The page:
One person checked the sausage meat to remove any skin or too much fat and reduce the large pieces so they will go into the sausage grinder. Boys loved to show off their strength by turning the hand crank grinder, as a girl or woman fed the meat in the grinder. Remember folks, there was maybe 50 pounds of sausage per hog, so they would be grinding for hours! The traditional seasoning for sausage is red pepper and sage. After the sausage was ground, seasoning was added and mixed, then the lard press with a special plate was used to press the sausage into casings made from the small intestines of the hogs. The casings are backed up on the spout and one person controls the shape and size of the sausages as a second person turns the handle of the press. A gallon at a time can be put in the casings.

A cast iron kettle is used to render fat into lard. The fat is cut into small pieces about an inch square and added to the kettle that is cooking. The lard must be cooked slow to render the most . You pour the hot grease through the press until it gets full, then turn the press handle down to a snug pressure that gives you a cake of cracklings about 2" thick in a gallon container. A small hog will make about a 50 pound can of lard and a large hog about two cans. Often we would grind the hot cracklings to be used in making crackling cornbread.

About the time lard is being rendered, the pudding meat has finished cooking and the kettle set off the fire to cool so all the bones can be taken out and the meat cut up into pieces small enough to go in the sausage grinder. After the pudding meat has been ground, it is put in gallon stone jars and one half inch of hot grease is poured over the top for a seal. Then the jar is set in the cellar with a clean table plate on the top for a lid. Pudding will keep fresh like this for a year or more.

The pudding kettle is put back on the fire with the broth. All the slivers of bones are removed, and it is brought to a boil as cornmeal, salt and pepper is added. When the mixture gets thick, it is set off the fire and you have delicious scrapple or pon hoss. If you like it extra rich, a half gallon of ground pudding can be added to the broth as it boils. The next couple of days there would be more work to do making souse, canning meat, making soap and cleaning up.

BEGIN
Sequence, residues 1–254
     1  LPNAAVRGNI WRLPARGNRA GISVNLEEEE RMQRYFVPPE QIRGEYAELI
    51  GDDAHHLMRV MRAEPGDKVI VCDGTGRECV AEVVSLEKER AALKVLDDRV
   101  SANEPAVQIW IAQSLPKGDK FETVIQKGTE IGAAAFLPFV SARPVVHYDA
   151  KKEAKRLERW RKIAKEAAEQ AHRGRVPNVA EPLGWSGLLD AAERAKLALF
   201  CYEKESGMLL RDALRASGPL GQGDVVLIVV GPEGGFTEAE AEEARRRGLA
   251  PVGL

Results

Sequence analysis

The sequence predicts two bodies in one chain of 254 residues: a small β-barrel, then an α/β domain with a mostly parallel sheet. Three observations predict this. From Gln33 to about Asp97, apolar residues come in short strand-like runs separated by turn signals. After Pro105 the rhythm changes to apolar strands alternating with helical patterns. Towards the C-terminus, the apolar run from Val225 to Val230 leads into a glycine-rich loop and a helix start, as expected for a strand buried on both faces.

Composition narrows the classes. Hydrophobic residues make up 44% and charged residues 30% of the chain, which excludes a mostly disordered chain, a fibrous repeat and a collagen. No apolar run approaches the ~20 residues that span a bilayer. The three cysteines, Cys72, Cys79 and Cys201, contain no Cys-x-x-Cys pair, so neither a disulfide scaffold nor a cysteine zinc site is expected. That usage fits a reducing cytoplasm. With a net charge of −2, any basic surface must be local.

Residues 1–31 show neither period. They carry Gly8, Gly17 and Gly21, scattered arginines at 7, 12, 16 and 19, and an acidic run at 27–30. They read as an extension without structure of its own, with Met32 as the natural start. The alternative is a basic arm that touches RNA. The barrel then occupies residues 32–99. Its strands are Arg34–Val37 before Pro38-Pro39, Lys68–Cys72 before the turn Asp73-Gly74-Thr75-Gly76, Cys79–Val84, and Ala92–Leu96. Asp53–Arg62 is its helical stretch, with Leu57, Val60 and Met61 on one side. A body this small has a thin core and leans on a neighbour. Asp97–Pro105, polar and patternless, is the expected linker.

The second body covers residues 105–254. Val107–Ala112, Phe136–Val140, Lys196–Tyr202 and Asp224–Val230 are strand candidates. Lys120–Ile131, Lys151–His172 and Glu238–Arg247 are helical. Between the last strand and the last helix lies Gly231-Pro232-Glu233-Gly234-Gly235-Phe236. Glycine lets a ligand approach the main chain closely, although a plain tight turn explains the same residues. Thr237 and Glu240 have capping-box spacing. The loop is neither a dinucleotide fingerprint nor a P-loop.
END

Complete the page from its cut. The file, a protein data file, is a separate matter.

It was always a pleasure as a boy to harness old Bob and hook him to the sled to go borrow butchering equipment from a neighbor. It was light work for a horse and he seemed he enjoyed the trip. I felt a special joy ridding the big horse in the fresh air of the beautiful hills and giving the folks a generous mess of meat when I would take the equipment home.

Butchering day was a work day but a wonderful day of good food and fellowship. Old timers told tales of humor and history that was very interesting. Butchering day gave us a fresh sense of security knowing we had a good supply of meat for next year. We could sell extra hams for twenty cents per pound, to buy shoes to wear to Sunday School or pigs for next year. With six or eight hundred pounds of meat in the meat house during the Depression years, you would think "butchering these fine hogs is the way to be healthy, wealthy, and wise, because this meat in the meat house is like old wheat in the mill..."